Sunday, September 26, 2010

Tilting the Pinball Table, for Fun and Profit

Thanks to faithful reader Marilyn Mann once again for word of this posting on the blog conducted by an anonymous neuroscientist from the UK:

Background: My colleague Dan Moerman, a medical anthropologist at U Michigan-Flint, published a classic paper on the placebo effect nearly 30 years ago. He looked at about 35 published studies of the then-new-miracle drug, cimetidine (Tagamet) for healing peptic ulcers, all of which had almost identical methods--the patient was endoscoped at the start of therapy and then a month later to see whether the ulcer had healed and what size it was. (They didn't have the term back then, as I recall, but Moerman did an early meta-analysis.) He showed a number of surprising things:
  • According to his meta-analysis, cimetidine was actually no better than placebo.
  • Cimetidine, however, was quite consistent in its effects across studies. No matter where the study was done (a wide range of international sites were represented), the healing rate in the cimetidine-treated group at one month was about 70-75%.
  • If you looked at the individual studies, about half showed that cimetidine was superior to placebo, and half showed it wasn't.
  • Since cimetidine was so consistent, the only variable to explain this inconsistency had to be the placebo response rate. And indeed that varied from a low of 10 percent to a high of 80 percent.
  • So whether cimetidine was shown in any individual study to be better than placebo had virtually nothing to do with the cimetidine response rate and everything to do with the placebo response rate.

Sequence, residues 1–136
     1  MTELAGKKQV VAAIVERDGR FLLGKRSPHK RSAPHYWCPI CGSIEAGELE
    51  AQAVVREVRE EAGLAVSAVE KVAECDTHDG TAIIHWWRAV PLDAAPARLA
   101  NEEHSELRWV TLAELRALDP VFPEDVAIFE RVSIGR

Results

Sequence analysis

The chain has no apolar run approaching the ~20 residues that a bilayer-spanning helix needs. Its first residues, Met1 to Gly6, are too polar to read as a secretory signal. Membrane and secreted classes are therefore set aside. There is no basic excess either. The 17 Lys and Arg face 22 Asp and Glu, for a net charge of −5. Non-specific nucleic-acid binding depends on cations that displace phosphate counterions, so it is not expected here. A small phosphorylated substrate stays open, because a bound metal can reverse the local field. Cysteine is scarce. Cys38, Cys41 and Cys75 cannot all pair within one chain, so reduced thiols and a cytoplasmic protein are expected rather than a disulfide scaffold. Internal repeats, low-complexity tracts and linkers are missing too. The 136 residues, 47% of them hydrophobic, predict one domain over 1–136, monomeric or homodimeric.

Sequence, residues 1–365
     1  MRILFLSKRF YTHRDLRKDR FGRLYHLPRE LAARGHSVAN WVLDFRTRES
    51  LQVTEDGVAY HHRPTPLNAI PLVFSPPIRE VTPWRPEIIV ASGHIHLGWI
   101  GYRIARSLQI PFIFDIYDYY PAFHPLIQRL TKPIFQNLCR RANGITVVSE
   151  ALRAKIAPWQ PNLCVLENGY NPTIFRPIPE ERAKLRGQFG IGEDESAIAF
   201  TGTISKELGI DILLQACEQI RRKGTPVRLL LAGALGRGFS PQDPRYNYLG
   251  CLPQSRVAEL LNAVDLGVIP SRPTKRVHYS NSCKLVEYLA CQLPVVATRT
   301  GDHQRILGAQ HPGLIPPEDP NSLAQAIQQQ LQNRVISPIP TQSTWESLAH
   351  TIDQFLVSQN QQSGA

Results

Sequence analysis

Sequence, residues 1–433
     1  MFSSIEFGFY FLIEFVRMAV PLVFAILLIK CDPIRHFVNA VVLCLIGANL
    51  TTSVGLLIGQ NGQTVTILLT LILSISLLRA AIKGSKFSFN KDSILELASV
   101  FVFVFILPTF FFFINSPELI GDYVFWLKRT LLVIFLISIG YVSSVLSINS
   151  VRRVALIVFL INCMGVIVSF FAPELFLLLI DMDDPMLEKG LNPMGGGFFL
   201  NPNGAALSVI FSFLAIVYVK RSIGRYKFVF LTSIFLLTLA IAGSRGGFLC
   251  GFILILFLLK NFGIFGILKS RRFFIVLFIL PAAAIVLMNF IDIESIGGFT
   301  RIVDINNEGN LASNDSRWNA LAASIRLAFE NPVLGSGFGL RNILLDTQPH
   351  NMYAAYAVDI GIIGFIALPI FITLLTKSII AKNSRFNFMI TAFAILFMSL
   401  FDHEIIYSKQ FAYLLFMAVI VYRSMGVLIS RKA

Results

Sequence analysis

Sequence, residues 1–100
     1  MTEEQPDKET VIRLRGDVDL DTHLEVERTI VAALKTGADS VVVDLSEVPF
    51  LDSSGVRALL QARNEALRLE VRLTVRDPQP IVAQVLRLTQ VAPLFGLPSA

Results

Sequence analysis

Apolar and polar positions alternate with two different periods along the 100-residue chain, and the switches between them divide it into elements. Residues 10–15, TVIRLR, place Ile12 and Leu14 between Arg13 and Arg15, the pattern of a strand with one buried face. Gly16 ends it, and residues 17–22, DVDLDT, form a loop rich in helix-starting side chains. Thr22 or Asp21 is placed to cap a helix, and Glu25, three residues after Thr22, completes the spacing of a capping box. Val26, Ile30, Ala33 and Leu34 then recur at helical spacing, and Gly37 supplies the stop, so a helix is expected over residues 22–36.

• The placebo response rate in these studies is not the same as the "placebo effect." Studies of this sort cannot distinguish between healing of ulcers caused by administering a placebo, vs. healing of ulcers due to other causes (primarily, spontaneous remission). Most ulcers, given time, heal. However, it would be contrary to most of what we think about peptic ulcers to imagine that the spontaneous healing rate of these ulcers differ so widely among study centers in different countries. So it is more plausible to imagine that the rates of placebo effect differed among study sites to primarily account for the large differences.

Now, let me make two points about Moerman's (subsequently replicated) research. First, it reveals a real problem in using the typical double-armed, placebo controlled, double-blind randomized trial to assess drug effects. It reveals that the placebo arm of the trial can be a source of "noise" that might obscure a presumably real drug effect. Second, I take Moerman's work to be real science. Moerman was not trying to sell Tagamet. (Nor, so far as I know, did he own stocks in a placebo company.) Moerman was trying to understand what various factors determine the outcome of placebo-controlled studies and quantitatively, how much of a result can be attributed to each factor.

Fast-forward to the article reviewed by Neuroskeptic in his blog. It's one of a series of studies funded by drug companies either directly or indirectly, and differs from earlier entries into the series (according to Neuroskeptic at least) only in its brazenness. If you are trying to sell drugs, then you really want to take what Moerman observed and work it to your advantage. What that usually means is to try to manipulate the placebo arm of the trial so as to reduce, as much as possible, the response rate among subjects randomized to that arm--thereby assuring that the subjects taking your drug have the best possible chance of doing better than their placebo counterparts.